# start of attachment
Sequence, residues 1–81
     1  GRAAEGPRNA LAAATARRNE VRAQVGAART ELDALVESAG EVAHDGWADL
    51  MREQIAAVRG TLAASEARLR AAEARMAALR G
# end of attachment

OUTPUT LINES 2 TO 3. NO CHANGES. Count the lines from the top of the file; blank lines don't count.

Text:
     1  GRAAEGPRNA LAAATARRNE VRAQVGAART ELDALVESAG EVAHDGWADL
    51  MREQIAAVRG TLAASEARLR AAEARMAALR G